Promoting Professional Development and Best Practice in EE
#NAAEE2020 Gems: Recommendations for Outdoor Learning in Winter
As the temperature begins to drop, many environmental educators struggle to find ways to engage with students outdoors. But as Natalie Crowley noted in her 2019 eePRO article, “5 Reasons You Should Be Teaching Outside This Winter,” there are tremendous benefits to taking your lesson outdoors. During the 46th annual NAAEE conference, attendee Sarah C. initiated a digital community board on Whova for recommended outdoor activities for students in winter. Here are a few of the great ideas shared!
1. Snow Vocabulary (Recommended by Jimena C.)
Begin a winter curriculum with a discussion on words for snow! The Denali Foundation and the Alaska Rural Systemic Initiative have a fantastic curriculum that “challenges young minds to make connections between academics and traditional native knowledge.” In the section “Exploring Native Snow Terms,” Alaskan Athabascan terms for snow are followed by explanations and discussion questions such as, “Why do you think Minto Elders distinguish two types of ice? What does this suggest about traditional ways of classifying things?”
In the Snow, written and illustrated by Huy Voun Lee, offers another discussion on language. In this children’s book, protagonist Xiao Ming learns Chinese characters as his mother draws them in the snow.
2. Animal Tracks (Recommended by Kathy B)
While not everyone may have the opportunity to take students out for an animal tracks mystery trek in the snow, Cleveland naturalist Marty Calabrese provides an engaging virtual hike option. For those who work with older students, tracking can be incorporated into math lessons by discovering the potential speed of animals based on their tracks!
3. Snowflake Observations (Recommended by Kathy B)
A classic introduction to snowflake observations is Snowflake Bentley, an award-winning children’s book with beautiful woodcut illustrations that not only tell the story of how Wilson Bentley became the first photographer of snowflakes, but also showcase the perseverance and wonder he carried.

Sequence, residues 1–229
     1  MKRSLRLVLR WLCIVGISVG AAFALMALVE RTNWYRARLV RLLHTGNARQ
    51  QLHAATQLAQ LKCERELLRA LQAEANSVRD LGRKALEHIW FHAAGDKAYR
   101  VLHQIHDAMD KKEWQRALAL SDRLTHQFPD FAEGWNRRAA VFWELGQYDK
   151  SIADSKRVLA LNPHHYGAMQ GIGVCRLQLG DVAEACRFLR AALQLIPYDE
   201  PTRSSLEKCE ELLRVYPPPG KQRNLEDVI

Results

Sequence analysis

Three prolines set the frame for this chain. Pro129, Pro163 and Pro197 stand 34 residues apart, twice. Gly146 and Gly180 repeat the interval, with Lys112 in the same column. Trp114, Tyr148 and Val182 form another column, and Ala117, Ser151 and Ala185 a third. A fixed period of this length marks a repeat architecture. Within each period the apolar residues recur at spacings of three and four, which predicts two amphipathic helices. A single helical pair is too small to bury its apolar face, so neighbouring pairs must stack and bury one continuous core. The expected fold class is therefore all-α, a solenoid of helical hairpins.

If you have the resources to do so, observing snowflakes under a microscope is a fantastic winter activity. Further, the activity can connect to discussions on climate change, as discussed in Snowmelt, a 2018 community science project. Alternatively, a macro lens attachment to a smartphone can be an affordable addition to a classroom toolkit.
4. Creative Writing (Recommended by Amy B.)
As Amy writes, “The needs of living things is a natural connection during the winter as the children can feel their own needs change and can empathize with the animals in their region. How do animals stay warm, what do they eat, etc. Such a meaningful connection and great fodder for storytelling and creative writing.”
If you have success with a particular prompt, please share in the comments section below!
5. Birding (Recommended by Amy B.)
Encourage students to set up winter-friendly bird feeders in their backyard/porch/balcony, and then mark your Beauty of Biodiversity 2021 Wall Calendar, or any calendar, with the dates February 12-15, 2021 for the Great Backyard Bird Count, where bird-watchers of all ages contribute to a bird map! Last year over 42 million birds and 7000 species were recorded. For very young students, try a migratory bird obstacle course!
6. Tree Identification (Recommended by Janice L.)
For older students, learning to identify trees by their buds and bark can be a truly life-changing experience. To see what most do not see, to experience such intimacy, is an irreplaceable rush of joy. Consult your local parks district or arboretum for a winter tree identification guide, such as this one created by the Illinois Champaign County Forest Preserves.
Interested in more resources like these? We will continue to share select gems on eePRO, but the majority of content is safely stored in our conference platform app, Whova. Anyone who has registered for the #NAAEE2020 conference has access to these recordings and community boards until September 2021. If you haven’t registered, you can do so at conference.naaee.org/register.